S. Weilbach, an 80-year-old Holocaust survivor in Vancouver, has won the 2012 Helen and Stan Vine Canadian Jewish Book Award in the Poetry category for a long poem she had put off writing for decades because the memories were too painful.
The author’s first book, Singing from the Darktime: A Childhood Memoir in Poetry and Prose (McGill-Queens University Press) recaptures the immediacy of Weilbach’s feelings as she travels with her parents and grandfather aboard the ill-fated refugee ship, the St. Louis, along with more than 900 refugees hoping to escape the Nazis’ clutches in 1939. Blocked from landing in Cuba, America or Canada, the St. Louis was ultimately forced to return to Europe.
In an online interview, Weilbach explained that the childhood feelings and memories she revisited in writing her story were far too delicate to be expressed in prose: only poetry would suffice. However, she uses prose in a latter section in which she and her family disembark from the St. Louis to begin new lives in wartime Britain.
Weilbach’s sense “of profound grief and the helplessness of trying to save anyone,” as she described it online, comes across in her writing. One stanza in particular, occurring just as the passengers learn they will not be landing in Havana, seems to convey some of the surreal imagery of the iconic Edvard Munch painting The Scream:
The empty deckchairs line along the painted wall, / And I sit down and watch the seabirds swoop. / But all at once I hear some footsteps race /Across the boards above my head / And someone yelling, “no-o-o-o!”
When I stand up to look / A sudden bright red streak / Is trickling down the glassy wall. / From every side the people run. / A woman in a purple dressing-gown / Bursts through the bulkhead door / Near where I stand. / She screams and screams.
Weilbach’s childhood memories of her family’s dairy farm in Germany, the long and increasingly desperate sea voyage, and subsequent return to normalcy are conveyed with vividness and profound directness. She is a deft painter of human nature, interpersonal relations and even God’s role in human affairs as her child’s mind tries to puzzle out what she sees happening in front of her.
“We were delighted to discover this little book, which had not had much publicity,” Judy Stoffman, chair of the nine-person Canadian Jewish Book Awards jury, told The CJN.
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Nine prizes will be given out at the 24th annual Canadian Jewish Book Awards ceremony on June 7.
Winner of the prize in fiction is David Bezmozgis for his first novel, The Free World (HarperCollins). As previously reviewed in this space, the book follows members of the Latvian Krasnansky family who attempt to immigrate to “the free world” in 1978, but get stalled in a bureaucratic purgatory in Rome. Dark and deliciously ironic, The Free World must have eclipsed any other fiction entry of 2011 and would have been all but impossible for the jury to overlook.
I found A Fiery Soul: The Life and Theatrical Times of John Hirsch, by Fraidie Martz and Andrew Wilson (Vehicule Press), particularly engaging. Solidly researched and filled with anecdotes, it is – like a good souffle – “fluffy, not stuffy” as it recounts the key episodes of Hirsch’s remarkable career and private life. No wonder it won the prize for best biography.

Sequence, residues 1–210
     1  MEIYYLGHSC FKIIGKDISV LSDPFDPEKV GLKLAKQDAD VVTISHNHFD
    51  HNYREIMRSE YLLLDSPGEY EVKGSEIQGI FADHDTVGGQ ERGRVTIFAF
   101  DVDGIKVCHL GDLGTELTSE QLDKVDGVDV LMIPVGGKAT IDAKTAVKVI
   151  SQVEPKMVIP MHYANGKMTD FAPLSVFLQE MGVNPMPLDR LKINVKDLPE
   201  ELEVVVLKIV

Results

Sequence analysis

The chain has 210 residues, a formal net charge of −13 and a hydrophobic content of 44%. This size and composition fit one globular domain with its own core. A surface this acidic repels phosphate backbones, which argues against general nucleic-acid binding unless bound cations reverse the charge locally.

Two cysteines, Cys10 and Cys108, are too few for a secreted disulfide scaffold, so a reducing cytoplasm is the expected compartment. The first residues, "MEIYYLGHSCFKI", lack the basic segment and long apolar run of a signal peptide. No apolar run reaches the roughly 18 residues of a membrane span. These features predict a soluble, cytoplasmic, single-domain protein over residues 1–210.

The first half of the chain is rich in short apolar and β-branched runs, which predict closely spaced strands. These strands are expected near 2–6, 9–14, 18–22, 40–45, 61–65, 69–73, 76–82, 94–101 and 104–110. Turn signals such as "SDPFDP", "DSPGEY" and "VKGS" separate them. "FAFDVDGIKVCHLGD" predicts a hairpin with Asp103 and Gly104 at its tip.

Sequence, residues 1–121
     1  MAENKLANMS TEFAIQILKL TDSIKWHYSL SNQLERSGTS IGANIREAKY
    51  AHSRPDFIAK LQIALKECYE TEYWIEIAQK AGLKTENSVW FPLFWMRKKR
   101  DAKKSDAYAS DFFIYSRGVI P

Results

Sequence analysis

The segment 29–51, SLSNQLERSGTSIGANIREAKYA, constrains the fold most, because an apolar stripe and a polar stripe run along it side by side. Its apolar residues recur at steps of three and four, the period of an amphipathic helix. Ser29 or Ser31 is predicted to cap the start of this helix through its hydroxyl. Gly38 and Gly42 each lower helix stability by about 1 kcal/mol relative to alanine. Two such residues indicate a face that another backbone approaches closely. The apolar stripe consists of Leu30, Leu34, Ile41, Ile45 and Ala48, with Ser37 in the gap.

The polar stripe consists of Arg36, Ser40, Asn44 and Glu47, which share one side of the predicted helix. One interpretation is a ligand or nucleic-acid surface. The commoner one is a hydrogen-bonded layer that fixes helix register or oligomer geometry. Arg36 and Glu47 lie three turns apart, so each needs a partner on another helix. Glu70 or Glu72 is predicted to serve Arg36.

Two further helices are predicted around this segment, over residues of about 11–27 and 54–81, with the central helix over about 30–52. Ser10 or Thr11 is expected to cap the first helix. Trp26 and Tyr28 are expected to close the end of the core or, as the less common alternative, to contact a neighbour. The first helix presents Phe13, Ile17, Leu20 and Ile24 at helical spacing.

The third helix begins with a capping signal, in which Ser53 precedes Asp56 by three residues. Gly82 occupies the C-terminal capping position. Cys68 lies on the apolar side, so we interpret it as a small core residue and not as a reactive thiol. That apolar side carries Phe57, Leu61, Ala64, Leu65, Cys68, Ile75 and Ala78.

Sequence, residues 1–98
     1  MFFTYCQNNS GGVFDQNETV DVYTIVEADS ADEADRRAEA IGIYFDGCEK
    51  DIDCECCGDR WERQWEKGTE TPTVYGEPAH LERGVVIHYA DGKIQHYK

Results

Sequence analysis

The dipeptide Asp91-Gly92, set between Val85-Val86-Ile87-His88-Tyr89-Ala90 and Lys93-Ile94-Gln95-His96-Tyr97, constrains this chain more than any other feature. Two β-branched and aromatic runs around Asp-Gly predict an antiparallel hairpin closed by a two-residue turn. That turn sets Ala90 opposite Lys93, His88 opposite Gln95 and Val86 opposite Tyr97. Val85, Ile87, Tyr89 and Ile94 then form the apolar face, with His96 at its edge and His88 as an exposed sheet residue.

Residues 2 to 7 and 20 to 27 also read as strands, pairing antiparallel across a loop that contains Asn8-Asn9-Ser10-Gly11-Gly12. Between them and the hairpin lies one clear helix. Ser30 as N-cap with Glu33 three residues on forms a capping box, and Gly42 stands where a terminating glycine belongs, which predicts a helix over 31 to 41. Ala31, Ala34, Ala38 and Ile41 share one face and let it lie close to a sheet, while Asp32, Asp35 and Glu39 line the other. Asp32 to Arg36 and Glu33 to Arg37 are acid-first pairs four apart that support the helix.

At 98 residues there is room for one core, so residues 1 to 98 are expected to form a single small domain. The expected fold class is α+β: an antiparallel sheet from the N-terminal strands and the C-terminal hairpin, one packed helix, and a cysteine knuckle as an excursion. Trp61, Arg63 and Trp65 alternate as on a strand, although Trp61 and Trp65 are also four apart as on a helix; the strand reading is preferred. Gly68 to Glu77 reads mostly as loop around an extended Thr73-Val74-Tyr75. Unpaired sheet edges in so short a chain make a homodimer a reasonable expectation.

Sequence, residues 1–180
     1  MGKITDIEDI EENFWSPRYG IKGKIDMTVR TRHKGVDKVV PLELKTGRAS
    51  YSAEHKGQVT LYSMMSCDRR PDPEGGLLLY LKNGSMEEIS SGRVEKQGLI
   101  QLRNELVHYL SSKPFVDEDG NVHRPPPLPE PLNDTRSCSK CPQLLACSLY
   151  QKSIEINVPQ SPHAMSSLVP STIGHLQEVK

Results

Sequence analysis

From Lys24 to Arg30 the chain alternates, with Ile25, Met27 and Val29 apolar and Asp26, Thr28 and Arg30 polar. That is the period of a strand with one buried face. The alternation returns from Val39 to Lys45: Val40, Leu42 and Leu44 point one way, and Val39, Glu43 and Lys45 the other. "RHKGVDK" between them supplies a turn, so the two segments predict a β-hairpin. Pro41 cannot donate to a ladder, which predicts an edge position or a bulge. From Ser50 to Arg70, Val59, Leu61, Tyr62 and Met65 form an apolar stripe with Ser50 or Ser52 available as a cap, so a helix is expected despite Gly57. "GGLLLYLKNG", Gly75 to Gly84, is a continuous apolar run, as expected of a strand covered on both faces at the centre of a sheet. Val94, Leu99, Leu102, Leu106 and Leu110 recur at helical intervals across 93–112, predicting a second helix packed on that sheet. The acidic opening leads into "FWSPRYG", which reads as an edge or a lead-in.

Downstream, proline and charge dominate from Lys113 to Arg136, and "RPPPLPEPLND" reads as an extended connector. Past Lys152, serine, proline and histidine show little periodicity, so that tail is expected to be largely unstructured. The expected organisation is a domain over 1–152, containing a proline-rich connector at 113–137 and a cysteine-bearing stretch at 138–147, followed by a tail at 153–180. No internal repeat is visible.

Perhaps Canada’s most gifted theatrical director, Hirsch was a Holocaust orphan who arrived in Winnipeg in 1947, and directed theatrical triumphs (and many failures) in Manitoba, Stratford, Toronto, New York and Los Angeles. High points included a brilliant production of S. Ansky’s The Dybbuk and, when Hirsch was head of CBC drama, the famed King of Kensington TV series. This highly readable bio celebrates Hirsch’s accomplishments but is not hagiographic, clearly revealing that its subject could be “a monster” as well.
This year the jury made a rare decision to award a prize (History) to a book written in French and as yet unavailable in English. Perusing Denis Vaugeois’s Les Premiers Juifs d’Amerique, 1760-1860: L’extraordinaire histoire de la famille Hart, it’s clear to see why. Published by Septentrion, this beautifully illustrated history of Quebec’s historic Hart family likely trumps all previous works on the subject. Let’s hope the English edition is not too long in coming.
Richard Marceau’s Juif, Une Histoire Quebecoise, was also published originally in French (by Editions du Marais) but has appeared in English as A Quebec Jew. It won the memoir prize. The author, a lawyer and former Bloc Quebecois MP, converted to Judaism after meeting his future wife. As his book recounts, his Jewish faith and love of Israel have become as much a part of his identity as his French Quebec roots.
Rebecca Margolis took the Yiddish prize for Jewish Roots, Canadian Soil (McGill-Queen’s University Press), an academic study of Montreal’s vibrant Yiddish cultural scene from the 1930s onward, and how it helped to sustain Jewish culture in the Diaspora.
Also written in academic prose, Kalman Weiser’s Jewish People, Yiddish Nation: Noah Prylucki and the Folklorists in Poland (University of Toronto Press) took the scholarship prize. Prylucki was a leading Jewish cultural and political figure in pre-Holocaust Eastern Europe, whose path from Zionism to secular Yiddish culturalism illuminates the dilemmas and competing options facing the Jews of his era.
The other winning titles are The Muselmann at the Water Cooler (Academic Studies Press) by Eli Pfefferkorn, which took the Holocaust literature prize; and Yuvi’s Candy Tree (Kar-Ben Publishing), by Lesley Simpson, which won the prize in youth literature.
The 2012 Helen and Stan Vine Canadian Jewish Book Awards take place at the culmination of the Toronto Jewish Book Festival, at the Toronto Reference Library, Bram and Bluma Appel Salon, Thursday June 7, 8 p.m. Admission is free and everyone is invited.